Tendons and Nutrition
The Influence of Diet on the Musculoskeletal System
Tendons are connective tissues that attach muscles to bones and enable the transmission of the mechanical force generated by muscle contraction to bones. The great tensile strength of tendons is made possible by the hierarchical organisation and the amount of collagenous fibers within the tissue, which are remarkably tough and strong. Very often sporting or industrial accidents result in injuries of the musculoskeletal system, tendons frequently being affected. For example, the rupture of a soccer player’s Achilles tendon or a rotator cuff tear after a sudden motion when trying to lift something heavy. Unfortunately, when damaged, tendons heal more slowly compared to muscles or bone and the full recovery of a tendon injury can be a lengthy process.
Often the ability of tendons to withstand stress decreases as we age and next to intrinsic factors (e.g. weight, sex, chronic illness, etc.), extrinsic factors (e.g. lifestyle, excessive loading, job, nutrition, etc.) can cause a decrease in tendon quality. Recent studies suggest that increased blood glucose levels can result in impaired tendon structure and function. Interestingly, our research group located at the Paracelsus Medical University has identified an insulin-producing cell type in tendons, which may have a role in the pathophysiology of diabetic tendinopathy.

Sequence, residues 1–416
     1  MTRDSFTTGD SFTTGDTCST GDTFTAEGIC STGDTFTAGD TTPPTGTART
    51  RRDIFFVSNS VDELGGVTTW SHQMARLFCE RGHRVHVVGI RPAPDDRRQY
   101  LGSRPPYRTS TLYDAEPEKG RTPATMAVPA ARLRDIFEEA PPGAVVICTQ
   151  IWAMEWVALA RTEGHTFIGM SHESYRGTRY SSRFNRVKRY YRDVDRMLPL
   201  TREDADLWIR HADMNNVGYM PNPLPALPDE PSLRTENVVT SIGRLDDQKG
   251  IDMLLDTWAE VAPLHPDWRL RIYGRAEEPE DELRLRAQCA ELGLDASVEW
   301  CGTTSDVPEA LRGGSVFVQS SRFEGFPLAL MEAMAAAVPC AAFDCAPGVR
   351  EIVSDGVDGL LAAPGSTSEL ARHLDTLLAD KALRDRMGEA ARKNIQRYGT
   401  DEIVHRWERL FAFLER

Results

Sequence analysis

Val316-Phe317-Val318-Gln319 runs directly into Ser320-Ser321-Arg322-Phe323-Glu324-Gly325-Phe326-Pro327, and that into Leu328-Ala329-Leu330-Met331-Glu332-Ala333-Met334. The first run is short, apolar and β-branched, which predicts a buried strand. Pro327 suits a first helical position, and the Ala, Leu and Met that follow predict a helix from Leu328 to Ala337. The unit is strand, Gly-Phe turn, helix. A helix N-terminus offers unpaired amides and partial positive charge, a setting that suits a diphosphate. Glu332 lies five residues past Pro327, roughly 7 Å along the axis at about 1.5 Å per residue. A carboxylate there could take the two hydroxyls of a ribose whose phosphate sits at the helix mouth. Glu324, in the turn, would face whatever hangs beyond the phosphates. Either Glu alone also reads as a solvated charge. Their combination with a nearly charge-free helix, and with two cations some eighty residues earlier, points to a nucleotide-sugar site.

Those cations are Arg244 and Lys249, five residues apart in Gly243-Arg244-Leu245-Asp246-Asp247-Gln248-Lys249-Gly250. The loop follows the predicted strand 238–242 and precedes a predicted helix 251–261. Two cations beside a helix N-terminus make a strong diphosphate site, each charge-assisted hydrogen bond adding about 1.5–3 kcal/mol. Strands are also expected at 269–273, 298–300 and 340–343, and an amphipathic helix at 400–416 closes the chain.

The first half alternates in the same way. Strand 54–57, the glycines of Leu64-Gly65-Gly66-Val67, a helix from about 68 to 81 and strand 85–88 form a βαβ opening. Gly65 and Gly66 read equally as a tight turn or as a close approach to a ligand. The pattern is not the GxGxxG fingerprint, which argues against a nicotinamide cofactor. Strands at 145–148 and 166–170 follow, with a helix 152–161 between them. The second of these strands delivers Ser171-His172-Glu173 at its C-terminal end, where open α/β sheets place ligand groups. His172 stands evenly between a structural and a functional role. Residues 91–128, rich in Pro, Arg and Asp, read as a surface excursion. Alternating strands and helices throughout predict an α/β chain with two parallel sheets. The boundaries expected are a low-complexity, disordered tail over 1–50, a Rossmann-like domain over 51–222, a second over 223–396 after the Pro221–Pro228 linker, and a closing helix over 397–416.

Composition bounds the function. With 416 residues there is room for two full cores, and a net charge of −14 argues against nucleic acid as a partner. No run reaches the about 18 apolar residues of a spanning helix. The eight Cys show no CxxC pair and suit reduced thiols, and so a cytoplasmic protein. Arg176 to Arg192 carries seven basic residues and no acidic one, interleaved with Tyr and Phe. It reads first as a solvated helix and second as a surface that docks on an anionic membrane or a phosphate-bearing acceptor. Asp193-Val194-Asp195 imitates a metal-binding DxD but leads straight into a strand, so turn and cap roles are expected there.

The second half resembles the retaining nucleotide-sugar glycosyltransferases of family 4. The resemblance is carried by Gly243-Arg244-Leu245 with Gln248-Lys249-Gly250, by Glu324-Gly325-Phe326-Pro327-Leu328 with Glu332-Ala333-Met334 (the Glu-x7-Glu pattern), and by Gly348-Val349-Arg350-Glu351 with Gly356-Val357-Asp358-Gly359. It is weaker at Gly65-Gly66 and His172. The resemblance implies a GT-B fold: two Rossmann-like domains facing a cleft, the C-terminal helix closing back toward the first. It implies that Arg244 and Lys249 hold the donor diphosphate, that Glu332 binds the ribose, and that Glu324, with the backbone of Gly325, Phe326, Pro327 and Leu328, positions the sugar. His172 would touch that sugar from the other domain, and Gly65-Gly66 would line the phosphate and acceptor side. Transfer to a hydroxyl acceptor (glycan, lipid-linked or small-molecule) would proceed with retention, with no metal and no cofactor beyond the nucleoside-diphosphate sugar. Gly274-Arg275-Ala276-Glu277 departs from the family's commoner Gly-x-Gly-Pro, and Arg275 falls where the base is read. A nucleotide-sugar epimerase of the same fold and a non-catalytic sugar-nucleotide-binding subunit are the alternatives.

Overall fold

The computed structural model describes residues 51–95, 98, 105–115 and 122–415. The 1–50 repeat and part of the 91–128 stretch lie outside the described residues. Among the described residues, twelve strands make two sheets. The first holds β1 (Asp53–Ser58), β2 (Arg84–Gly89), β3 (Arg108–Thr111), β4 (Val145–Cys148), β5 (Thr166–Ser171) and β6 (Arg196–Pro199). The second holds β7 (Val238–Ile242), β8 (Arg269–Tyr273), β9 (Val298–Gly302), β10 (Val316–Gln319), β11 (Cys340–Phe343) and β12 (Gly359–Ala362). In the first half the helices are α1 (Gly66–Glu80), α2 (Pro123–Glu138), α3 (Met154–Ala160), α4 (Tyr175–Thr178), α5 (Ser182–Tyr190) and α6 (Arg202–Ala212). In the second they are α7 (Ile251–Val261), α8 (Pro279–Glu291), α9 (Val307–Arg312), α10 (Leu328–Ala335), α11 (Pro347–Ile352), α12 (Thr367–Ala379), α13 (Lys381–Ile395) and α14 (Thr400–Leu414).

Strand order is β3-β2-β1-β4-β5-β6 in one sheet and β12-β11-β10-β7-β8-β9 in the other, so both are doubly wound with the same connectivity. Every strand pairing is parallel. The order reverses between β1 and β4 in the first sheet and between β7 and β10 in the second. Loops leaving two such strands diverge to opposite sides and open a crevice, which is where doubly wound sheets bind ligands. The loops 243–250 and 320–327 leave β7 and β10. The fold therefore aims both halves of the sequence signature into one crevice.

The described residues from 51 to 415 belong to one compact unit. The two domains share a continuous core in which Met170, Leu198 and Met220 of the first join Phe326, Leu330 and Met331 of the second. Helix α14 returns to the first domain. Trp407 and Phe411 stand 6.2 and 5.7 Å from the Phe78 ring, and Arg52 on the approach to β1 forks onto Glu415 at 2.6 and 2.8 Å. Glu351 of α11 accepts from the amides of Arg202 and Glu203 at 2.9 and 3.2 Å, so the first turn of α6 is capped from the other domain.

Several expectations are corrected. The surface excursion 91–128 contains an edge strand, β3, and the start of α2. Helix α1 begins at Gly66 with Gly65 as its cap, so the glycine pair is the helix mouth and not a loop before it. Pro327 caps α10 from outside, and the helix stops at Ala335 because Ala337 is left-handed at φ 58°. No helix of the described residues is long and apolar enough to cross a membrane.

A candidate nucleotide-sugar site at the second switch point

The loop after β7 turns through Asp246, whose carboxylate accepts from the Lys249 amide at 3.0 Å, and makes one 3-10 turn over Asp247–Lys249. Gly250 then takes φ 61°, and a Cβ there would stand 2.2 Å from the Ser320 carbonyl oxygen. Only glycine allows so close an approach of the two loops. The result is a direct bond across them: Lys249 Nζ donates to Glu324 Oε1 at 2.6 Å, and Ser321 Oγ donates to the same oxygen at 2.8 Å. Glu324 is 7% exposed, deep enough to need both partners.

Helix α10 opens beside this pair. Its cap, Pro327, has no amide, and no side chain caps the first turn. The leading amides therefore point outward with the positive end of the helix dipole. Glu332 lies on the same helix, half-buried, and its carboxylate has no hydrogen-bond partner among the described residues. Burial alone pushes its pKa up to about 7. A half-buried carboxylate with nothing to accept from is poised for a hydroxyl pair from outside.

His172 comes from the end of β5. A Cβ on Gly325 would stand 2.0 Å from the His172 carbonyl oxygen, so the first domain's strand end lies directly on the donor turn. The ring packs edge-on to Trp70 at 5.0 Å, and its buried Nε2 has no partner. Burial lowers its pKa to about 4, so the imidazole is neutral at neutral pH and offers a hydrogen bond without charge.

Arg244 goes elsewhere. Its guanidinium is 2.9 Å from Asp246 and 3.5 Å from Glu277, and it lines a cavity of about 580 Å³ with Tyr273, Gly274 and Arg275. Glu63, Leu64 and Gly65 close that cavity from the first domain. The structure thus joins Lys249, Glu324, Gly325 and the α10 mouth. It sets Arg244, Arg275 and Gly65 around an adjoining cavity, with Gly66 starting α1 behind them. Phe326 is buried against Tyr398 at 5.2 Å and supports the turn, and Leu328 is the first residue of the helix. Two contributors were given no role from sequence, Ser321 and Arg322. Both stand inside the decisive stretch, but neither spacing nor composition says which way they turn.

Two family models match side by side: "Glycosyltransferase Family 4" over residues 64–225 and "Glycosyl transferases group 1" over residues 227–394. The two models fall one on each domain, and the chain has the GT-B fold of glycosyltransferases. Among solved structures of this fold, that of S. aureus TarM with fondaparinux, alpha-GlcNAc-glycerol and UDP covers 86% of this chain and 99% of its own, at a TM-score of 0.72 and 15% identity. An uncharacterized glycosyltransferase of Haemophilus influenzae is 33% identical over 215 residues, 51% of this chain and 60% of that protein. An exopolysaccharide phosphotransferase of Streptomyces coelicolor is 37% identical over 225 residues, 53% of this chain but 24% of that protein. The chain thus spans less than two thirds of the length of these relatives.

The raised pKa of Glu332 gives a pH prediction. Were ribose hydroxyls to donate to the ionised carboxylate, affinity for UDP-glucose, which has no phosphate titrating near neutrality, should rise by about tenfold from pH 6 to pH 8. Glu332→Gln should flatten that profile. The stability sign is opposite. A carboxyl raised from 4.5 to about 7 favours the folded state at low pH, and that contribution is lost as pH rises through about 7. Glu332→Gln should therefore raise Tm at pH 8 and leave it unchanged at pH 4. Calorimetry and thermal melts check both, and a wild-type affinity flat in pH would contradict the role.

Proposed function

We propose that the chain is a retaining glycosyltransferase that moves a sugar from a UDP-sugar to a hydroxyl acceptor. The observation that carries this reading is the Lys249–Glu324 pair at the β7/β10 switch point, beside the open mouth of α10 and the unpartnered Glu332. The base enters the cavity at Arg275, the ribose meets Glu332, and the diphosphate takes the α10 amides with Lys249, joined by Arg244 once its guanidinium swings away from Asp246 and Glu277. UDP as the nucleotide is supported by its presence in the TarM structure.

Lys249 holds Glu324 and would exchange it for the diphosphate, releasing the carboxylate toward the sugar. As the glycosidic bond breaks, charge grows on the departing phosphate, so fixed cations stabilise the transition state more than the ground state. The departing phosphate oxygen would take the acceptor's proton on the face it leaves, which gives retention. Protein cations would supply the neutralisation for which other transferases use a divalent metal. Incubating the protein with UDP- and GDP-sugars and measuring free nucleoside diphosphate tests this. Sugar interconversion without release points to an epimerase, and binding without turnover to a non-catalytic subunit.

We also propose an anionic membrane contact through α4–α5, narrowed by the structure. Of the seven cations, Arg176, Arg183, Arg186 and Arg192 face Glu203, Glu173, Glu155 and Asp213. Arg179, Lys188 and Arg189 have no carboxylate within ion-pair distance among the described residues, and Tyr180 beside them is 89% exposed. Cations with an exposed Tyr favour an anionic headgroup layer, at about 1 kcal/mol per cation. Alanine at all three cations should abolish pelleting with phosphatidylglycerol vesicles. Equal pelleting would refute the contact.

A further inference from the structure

The aim of the current project was to study the influence of nutrition, particularly a glucose-rich diet, on the macro- (i.e. extracellular matrix) and microstructure (i.e. tendon cells) of tendon tissue using molecular biological, histological, and biomechanical methods of analysis. Several of these investigations were carried out together with the students of the “Europa-und Bundesgymnasium Salzburg-Nonntal (Karlheinz-Böhm-Gymnasium)” and students of the „Bundesgymnasiums & Bundesrealgymnasiums Hallein”. Therefore, the students had the opportunity to conduct scientific work, providing them with a realistic snapshot how to plan and execute a scientific experiment and how to analyse the results.
In summary, the aim of the funded project was to understand by what mechanisms an increased blood glucose level influences the cellular and molecular features of tendon tissue. The gained insight could then serve as the scientific basis for a conservative therapy (e.g. a specific diet) to positively influence the functional recovery of injured tendons.
This project has been completed.